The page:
transactions separately nor does it contain discount column. Moreover, receipts and payments
account is not used to prepared a balance sheet

A Few major points of difference

Accounting timing
A receipts and payments account is prepared at the end of an accounting period. Whereas
transactions are entered in a cash book frequently during the accounting period

Nature of entities
A receipts and payments account is prepared by a non-profit organization only. However, cash
book is prepared by all types of organizations

Nature of Books
Cash book is the book of original entries while receipts and payment account is not a book of
original entries and it’s not compulsory for an entity to prepare a receipts and payment account
Revenue sources for non-profit organizations
There are several sources of revenue for a non-profit organization such as donations, annual
subscription, member entrance fee, profit on sale of old fixed asset at scrape value etc.

Although non-profit organizations don’t exist to make profit, they incur expenses on the
provision of services or goods to their members or general public. Therefore, in order to cover
these expenses, non-profit organizations need some sources of revenue

Sources of revenue vary from one non-profit organization to another. However, the most
common sources of revenue are listed below:

Donations

Some people would like to donate money or goods to non-profit organizations (such as a
charitable school) to help continue their operations

There are two types of donations: General donations and specific donations

1. Specific donations
Specific donations are donations for a specific purpose

For example, Mr. X donated $50,000 to a charitable school in order to help school in buying new
furniture. In this case, helping school to buy new furniture is the specific purpose of donation

2. General donations
Donations without a specific purpose are general donations. Such donations can be used by
non-profit organizations for any purpose

Both specific and general Donations received during an accounting period are generally
considered as income/revenue for that accounting period and they are shown in an income and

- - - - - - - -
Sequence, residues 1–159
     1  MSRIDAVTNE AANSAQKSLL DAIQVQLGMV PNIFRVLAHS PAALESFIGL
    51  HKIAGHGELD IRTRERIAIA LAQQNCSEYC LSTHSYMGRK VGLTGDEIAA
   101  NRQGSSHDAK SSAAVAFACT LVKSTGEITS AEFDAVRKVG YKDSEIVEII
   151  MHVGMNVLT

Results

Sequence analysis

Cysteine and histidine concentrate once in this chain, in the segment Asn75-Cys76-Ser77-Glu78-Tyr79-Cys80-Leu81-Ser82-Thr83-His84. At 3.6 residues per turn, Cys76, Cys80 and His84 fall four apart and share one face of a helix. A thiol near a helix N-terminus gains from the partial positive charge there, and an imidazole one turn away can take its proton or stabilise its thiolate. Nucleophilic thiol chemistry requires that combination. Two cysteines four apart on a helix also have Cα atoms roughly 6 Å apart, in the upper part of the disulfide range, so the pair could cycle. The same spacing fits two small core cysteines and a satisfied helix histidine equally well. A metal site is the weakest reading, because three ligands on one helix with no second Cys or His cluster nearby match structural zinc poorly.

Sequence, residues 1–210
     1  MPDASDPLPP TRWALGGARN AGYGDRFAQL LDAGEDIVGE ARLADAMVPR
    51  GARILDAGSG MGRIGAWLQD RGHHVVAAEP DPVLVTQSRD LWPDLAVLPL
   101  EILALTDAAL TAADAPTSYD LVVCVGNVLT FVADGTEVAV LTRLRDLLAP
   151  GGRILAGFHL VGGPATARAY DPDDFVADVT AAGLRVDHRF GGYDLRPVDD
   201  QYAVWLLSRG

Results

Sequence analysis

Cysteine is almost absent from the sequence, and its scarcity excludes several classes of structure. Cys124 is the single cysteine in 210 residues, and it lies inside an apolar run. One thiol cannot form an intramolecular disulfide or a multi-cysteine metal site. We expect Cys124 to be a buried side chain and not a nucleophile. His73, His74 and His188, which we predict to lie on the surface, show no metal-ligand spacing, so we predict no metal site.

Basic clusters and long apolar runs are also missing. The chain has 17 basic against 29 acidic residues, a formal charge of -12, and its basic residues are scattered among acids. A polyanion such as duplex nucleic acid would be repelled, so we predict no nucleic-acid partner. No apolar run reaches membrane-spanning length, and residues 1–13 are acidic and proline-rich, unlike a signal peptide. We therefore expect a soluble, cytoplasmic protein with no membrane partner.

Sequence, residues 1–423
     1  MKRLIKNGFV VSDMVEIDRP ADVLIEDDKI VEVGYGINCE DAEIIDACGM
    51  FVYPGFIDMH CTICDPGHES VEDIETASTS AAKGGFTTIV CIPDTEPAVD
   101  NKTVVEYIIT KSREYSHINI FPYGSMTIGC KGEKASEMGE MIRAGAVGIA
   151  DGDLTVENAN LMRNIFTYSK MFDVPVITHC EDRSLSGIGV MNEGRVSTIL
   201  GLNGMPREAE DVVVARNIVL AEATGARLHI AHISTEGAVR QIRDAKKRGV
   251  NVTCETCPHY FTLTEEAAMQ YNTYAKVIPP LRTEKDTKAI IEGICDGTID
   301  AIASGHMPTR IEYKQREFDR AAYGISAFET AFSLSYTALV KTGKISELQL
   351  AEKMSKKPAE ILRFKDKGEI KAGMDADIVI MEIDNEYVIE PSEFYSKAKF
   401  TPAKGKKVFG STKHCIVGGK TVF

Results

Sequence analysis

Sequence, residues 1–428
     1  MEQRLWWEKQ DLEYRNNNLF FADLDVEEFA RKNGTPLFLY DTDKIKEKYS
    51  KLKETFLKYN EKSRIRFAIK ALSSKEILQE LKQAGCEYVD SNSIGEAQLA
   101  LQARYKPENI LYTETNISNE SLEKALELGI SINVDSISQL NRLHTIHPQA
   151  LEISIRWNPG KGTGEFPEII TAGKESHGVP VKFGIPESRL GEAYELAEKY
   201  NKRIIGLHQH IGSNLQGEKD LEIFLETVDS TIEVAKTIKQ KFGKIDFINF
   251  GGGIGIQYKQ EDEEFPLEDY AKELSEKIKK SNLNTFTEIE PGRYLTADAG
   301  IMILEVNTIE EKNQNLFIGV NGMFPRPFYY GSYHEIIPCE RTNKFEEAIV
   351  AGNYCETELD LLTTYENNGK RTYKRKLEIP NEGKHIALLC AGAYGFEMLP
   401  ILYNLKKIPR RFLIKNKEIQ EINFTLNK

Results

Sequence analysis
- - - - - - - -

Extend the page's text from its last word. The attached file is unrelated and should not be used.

expenditure account

Entry fees

When a new member gets admission in a non-profit organization, the non-profit organization
may require him/her to pay a certain amount of fee in order to be a member of non-profit
organization

Fee received in an accounting period is generally considered as revenue/income for that


accounting period. Therefore, it is reported in an income and expenditure account

Profit on sale or disposal of old fixed assets

Profit on the sale of a fixed asset is considered as revenue of a non-profit organization and
thereby, it is shown in an income and expenditure account for the accounting period in which
fixed asset disposal was carried out

Profit on sale of fixed asset = Market value of a fixed asset – Book value of a fixed asset

For example, A vehicle has a book value of $1000 was sold for $500, therefore, profit on sale of
vehicle should be $1000-$500=$500 or $500 is the profit on disposal of vehicle

Membership annual subscription


To be a non-profit organization's member, you need to pay a specific fee to the non-profit
organization. The fee is known as membership subscription and it is generally payable annually.
Because the membership subscription is received for one year, it is treated as the revenue of a
non-profit organization

For example, Mr. X needs to pay $500 per year in order to remain a member of a sports club (a
non-profit organization). Being a member of a sports club, Mr. X can use sports ground and
sports equipments

Income and expenditure account is based on accrual concept of accounting. Therefore,


subscription that is not related to current accounting period won’t get counted. In other words
only earned subscription is recorded in an income and expenditure account

Let’s assume the current accounting period is 2015. Cash received as subscription during this
accounting period totaling $3000. The amount $1500 out of $3000 received during 2015 was
actually the subscription of previous year 2014 and $500 received in advance as the
subscription of upcoming year 2016. Thereby, the remaining $1000 should be the subscription
of current year or 2015.

Interest received on investments

A non-profit organization might have invested its surplus cash in different companies bonds,
debentures, treasury bonds etc. Therefore, non-profit organization receives a certain amount of
interest at a regular interval. The amount of interest is generally considered as the revenue of a
non-profit organization and interest is shown in the income and expenditure account for the year
in which it is received

Profit from bar trading

Some clubs and other non-profit organizations have a bar and/or a cafeteria. Bar and cafeteria
sells its drinks, snacks or food to the members of club. The profit on these sales or trading